Harrell also disclosed for the first time on Sunday that the Americans last month suspended operations by the Afghan special forces last month to re-vet those soldiers for any potential ties to insurgents or any other indications that they might turn on their allies. He said the suspension lasted less than two weeks and that the forces have since resumed operations.
Harrell said he was not aware of any Afghan troops who were suspended or flagged for monitoring in that round of re-vetting. The vast majority of insider attacks have been carried out by regular Afghan army and police, rather than by ALP or special forces.
The deputy commander of international forces in Afghanistan, Lt. Gen. Adrian Bradshaw of Britain, said in a statement that the actions taken by U.S. special operations forces are one part of a plan to re-vet the entire 350,000-member Afghan force.
"Much of this re-vetting task has already been completed and numbers of individuals, where vetting status has been found to be in doubt, have been suspended pending further investigation, or removed from the force," Bradshaw said in the statement. He said Afghan and coalition officials met Sunday to discuss what additional measures could be taken.
The most recent insider attack took place last week when an Afghan army soldier turned his gun on Australian soldiers, killing three of them and wounding two, the Australian military.
In further indications of the tensions between the U.S. and Kabul, Afghan President Hamid Karzai's office condemned an operation by international troops to catch the shooter, saying it resulted in the deaths of two civilians - a 70-year-old man his 30-year-old son. Karzai's office said in a statement late Saturday that the operation took place without the coordination or approval of provincial authorities and violated an agreement that calls on Afghan troops to lead night raids.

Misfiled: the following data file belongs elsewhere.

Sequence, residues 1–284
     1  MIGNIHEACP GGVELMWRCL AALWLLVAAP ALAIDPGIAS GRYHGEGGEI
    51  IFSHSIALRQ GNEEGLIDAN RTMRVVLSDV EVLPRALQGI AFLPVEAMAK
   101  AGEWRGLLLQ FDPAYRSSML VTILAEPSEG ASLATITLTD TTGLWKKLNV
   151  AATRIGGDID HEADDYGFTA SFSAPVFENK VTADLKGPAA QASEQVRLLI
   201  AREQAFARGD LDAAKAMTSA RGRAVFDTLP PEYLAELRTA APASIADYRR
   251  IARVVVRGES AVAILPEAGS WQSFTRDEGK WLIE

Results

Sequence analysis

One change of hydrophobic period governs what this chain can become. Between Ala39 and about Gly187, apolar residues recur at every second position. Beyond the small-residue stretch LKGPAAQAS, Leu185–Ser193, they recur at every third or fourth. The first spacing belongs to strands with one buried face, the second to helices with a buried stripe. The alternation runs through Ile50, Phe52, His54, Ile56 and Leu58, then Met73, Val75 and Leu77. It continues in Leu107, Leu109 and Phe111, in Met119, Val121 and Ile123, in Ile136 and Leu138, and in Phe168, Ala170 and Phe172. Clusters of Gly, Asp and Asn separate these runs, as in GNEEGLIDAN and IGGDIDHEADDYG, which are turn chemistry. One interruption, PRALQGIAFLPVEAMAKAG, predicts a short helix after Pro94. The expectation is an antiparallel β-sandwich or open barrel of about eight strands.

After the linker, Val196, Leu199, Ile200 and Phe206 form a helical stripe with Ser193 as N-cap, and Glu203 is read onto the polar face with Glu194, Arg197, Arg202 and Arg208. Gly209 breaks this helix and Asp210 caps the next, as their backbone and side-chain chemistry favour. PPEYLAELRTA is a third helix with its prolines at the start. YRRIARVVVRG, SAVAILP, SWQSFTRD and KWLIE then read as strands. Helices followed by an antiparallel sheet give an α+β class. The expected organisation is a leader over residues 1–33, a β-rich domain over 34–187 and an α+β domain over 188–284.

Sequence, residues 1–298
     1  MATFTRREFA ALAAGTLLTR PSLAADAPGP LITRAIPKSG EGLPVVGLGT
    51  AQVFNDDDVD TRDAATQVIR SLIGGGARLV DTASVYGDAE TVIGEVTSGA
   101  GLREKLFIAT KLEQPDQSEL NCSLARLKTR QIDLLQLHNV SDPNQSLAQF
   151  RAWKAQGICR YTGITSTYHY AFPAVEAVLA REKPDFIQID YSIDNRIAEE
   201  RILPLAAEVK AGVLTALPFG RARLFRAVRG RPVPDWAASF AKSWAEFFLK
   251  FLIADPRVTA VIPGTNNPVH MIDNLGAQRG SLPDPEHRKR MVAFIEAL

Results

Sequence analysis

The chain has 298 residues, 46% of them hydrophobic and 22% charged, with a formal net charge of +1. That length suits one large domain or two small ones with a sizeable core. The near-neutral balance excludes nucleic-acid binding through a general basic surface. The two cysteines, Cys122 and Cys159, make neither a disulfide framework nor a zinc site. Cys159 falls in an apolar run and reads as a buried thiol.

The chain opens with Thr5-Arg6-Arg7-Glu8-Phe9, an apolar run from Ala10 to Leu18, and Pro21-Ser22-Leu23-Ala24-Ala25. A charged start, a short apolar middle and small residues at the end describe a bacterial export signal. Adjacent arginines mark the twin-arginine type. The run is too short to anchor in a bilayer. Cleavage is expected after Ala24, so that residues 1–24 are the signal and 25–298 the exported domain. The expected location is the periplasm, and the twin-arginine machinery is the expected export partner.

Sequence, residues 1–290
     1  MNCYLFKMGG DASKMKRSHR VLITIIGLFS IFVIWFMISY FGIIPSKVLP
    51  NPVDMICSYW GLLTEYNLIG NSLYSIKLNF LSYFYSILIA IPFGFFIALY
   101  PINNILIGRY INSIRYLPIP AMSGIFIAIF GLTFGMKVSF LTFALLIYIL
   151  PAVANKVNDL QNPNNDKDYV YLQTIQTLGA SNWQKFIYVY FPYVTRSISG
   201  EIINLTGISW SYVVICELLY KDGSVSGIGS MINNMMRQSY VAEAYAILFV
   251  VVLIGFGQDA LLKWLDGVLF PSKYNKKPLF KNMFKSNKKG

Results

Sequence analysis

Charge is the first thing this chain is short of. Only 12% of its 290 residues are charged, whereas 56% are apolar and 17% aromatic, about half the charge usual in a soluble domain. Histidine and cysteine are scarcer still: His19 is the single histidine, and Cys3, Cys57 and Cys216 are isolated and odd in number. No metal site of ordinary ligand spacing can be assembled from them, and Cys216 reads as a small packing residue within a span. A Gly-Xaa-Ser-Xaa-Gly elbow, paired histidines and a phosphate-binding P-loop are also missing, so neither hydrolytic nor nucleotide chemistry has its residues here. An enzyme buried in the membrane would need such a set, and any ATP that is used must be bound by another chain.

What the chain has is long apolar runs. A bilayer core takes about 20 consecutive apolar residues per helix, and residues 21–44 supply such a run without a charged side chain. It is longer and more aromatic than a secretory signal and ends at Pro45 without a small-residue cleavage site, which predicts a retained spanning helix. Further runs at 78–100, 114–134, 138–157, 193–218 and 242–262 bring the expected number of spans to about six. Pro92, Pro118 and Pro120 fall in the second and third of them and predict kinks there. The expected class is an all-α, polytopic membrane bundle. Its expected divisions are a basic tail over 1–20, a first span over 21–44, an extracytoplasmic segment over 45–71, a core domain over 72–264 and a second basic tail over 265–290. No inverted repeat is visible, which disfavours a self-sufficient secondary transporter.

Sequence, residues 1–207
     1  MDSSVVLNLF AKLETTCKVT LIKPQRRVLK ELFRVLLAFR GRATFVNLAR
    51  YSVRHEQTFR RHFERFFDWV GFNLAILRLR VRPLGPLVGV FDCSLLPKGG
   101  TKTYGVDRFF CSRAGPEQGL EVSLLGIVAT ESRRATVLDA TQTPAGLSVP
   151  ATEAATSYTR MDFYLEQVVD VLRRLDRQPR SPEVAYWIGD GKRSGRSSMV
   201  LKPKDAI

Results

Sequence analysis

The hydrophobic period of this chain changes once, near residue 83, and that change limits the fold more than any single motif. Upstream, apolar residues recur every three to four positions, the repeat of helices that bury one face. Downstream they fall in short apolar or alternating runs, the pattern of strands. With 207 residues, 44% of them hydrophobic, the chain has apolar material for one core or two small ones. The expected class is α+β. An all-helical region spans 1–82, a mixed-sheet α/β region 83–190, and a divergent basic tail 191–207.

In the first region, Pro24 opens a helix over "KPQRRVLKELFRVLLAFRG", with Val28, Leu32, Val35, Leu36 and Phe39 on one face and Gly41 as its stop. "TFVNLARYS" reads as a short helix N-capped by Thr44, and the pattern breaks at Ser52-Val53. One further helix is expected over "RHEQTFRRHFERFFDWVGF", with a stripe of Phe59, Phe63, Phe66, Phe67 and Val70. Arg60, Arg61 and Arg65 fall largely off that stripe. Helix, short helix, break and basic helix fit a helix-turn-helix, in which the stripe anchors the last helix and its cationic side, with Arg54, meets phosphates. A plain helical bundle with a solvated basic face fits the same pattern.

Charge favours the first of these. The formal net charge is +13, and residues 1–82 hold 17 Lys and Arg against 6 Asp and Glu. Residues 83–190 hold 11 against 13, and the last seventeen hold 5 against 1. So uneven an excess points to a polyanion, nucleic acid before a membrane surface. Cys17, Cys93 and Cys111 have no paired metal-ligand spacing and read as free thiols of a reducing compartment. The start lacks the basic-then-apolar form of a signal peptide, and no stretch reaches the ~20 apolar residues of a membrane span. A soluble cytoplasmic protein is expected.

Night raids have been a contentious issue between Afghan and international forces because the Karzai administration insists that they often end up killing civilians and antagonize the population, while the international coalition has maintained that they are necessary for rooting out insurgents. The U.S. military has struck an agreement to put Afghans at the head of its operations in villages, but there is no such agreement for the entire international coalition.
The international military alliance responded by saying that Afghan officials approved and supported the strike. NATO forces also said that they captured an insurgent leader in the raid.
In a related incident, NATO said it arrested a Taliban insurgent who was responsible for the May 12 shooting of two members of the British military in Lashkar Gah, the capital of Helmand province in the south.
At the time the man was a member of the Afghan police. An accomplice was shot and killed at the scene. The man, who was not further identified, was arrested along with another suspected insurgent on Aug. 30 in the Hisarak district of eastern Nangarhar province.
Associated Press writer Patrick Quinn contributed to this report in Kabul.